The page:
With all this in mind, we head to the border with Goma, with the beautiful Mount Nyiragongo in the background. The border is incredibly crowded, full of Congolese people who come to Rwanda to shop, and they are all carrying huge heavy bags back to Goma. At the time ebola has not arrived yet to the area, but there are numerous posters warning people about its dangers.
Surrounded by these thousands of people, Tinashe points out that I must be the only white person in miles around. Without thinking, I look at the skin in my arms, look at the skin of the people around me, and note that he is right. I do look different. In the last countries I have lived in, I am so used to being the minority, that I forget how different I look – I have to add that this is also thanks being very lucky and no one making me feel like I don’t have the right to be there. Dawson goes to talk to the army, who find it quite funny that a European tourist is excited about the prospect of getting photographed in the border, and allow us to take as many pictures as we want as long as the soldiers are not on them. They even encourage me to put my foot in the border, so officially I have been to DRC.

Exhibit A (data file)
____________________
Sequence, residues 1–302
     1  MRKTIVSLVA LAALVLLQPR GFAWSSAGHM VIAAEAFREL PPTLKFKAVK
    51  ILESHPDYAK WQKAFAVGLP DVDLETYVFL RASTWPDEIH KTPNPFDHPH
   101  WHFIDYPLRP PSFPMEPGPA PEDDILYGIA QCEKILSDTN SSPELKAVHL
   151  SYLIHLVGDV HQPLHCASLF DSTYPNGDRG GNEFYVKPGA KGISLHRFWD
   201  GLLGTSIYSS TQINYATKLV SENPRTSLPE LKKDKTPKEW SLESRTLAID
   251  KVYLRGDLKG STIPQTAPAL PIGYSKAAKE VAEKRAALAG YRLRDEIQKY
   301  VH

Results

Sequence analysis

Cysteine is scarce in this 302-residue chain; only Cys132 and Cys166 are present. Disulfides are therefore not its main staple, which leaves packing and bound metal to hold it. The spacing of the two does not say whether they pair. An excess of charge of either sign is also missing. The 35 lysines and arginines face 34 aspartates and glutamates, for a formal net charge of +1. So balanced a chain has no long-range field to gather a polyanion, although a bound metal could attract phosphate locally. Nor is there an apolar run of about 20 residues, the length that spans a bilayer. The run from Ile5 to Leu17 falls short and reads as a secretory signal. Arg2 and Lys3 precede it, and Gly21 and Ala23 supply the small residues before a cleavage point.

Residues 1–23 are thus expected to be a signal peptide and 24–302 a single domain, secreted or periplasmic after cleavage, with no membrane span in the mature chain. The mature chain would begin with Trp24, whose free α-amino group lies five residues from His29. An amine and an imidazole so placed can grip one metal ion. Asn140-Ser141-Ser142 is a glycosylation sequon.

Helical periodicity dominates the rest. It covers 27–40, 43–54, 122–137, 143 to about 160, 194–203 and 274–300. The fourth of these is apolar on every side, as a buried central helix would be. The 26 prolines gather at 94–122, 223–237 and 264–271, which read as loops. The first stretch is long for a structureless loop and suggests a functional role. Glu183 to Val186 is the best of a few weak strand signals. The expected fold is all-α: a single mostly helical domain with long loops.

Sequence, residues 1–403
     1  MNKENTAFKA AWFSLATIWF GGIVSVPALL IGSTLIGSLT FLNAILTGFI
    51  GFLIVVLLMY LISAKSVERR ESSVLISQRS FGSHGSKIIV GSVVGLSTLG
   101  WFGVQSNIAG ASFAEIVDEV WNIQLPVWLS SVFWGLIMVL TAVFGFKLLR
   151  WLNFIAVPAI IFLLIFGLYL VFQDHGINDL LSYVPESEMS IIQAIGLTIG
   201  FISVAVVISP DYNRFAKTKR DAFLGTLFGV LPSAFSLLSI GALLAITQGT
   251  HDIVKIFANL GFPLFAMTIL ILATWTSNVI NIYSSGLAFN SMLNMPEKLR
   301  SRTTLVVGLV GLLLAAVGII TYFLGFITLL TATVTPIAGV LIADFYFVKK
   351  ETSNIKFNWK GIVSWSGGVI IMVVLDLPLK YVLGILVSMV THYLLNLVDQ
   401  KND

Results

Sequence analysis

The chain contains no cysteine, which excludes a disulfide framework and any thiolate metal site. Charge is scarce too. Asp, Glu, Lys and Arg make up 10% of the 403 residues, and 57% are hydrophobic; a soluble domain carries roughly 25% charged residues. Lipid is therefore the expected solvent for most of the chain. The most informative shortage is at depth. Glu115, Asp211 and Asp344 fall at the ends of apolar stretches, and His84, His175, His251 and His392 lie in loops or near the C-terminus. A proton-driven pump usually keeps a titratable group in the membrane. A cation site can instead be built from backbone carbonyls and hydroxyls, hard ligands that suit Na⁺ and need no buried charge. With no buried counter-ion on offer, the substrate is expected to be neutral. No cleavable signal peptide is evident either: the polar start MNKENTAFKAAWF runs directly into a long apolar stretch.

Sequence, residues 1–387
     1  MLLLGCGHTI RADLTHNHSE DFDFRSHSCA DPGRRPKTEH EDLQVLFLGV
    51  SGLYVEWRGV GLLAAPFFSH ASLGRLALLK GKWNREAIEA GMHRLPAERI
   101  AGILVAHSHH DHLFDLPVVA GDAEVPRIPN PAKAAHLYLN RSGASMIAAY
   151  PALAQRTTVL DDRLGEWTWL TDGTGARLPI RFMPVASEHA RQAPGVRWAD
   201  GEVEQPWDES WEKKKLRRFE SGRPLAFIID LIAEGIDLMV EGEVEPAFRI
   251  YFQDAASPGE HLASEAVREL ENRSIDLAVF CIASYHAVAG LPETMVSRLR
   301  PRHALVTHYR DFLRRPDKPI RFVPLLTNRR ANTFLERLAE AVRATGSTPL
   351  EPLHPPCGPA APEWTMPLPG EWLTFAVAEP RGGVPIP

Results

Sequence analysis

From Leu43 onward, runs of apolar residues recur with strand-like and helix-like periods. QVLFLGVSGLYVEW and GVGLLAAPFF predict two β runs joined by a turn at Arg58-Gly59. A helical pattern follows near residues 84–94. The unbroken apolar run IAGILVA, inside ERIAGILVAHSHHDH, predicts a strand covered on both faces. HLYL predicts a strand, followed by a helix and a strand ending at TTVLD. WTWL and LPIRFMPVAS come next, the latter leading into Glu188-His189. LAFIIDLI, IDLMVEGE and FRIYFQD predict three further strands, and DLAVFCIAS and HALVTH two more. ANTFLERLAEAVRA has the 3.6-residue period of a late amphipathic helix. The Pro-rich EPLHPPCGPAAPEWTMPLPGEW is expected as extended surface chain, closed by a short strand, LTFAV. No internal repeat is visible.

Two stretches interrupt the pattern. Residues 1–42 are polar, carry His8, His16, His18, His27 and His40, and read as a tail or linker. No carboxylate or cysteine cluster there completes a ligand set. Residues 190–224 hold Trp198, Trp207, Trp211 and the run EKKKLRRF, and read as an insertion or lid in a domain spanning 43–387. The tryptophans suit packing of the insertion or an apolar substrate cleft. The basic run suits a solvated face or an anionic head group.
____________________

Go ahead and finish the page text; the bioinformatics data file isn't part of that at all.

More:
The border is very obvious even without the checkpoint. Whilst the Rwandan side next to the border is clean, organised, and relatively wealthy, the Congolese side is crowded and poor. It’s a huge contrast. Goma itself is quite wealthy thanks to the mining industry, and the city has mansions and an international airport, but influenced by what I have read about this city, I imagine it to be surrounded by poverty and displacement, but also beauty and hope. Not just any poverty, but the misery of those who have been through one armed conflict after the other. People who are used to running for their lives. Also hope, as there are a number of local initiatives to get the area back on its feet – from helping women who have been victims of the conflict , to preserving the environment and a thriving community of photographers and journalists. Humans can be amazingly resilient. The soldiers are smiling at me and it all seems calm but all these thoughts are racing through my head. I cannot believe I am here. It even feels a bit voyeuristic, coming to take my picture to this war scenario, and quickly heading back to the safety of our car and Rwanda.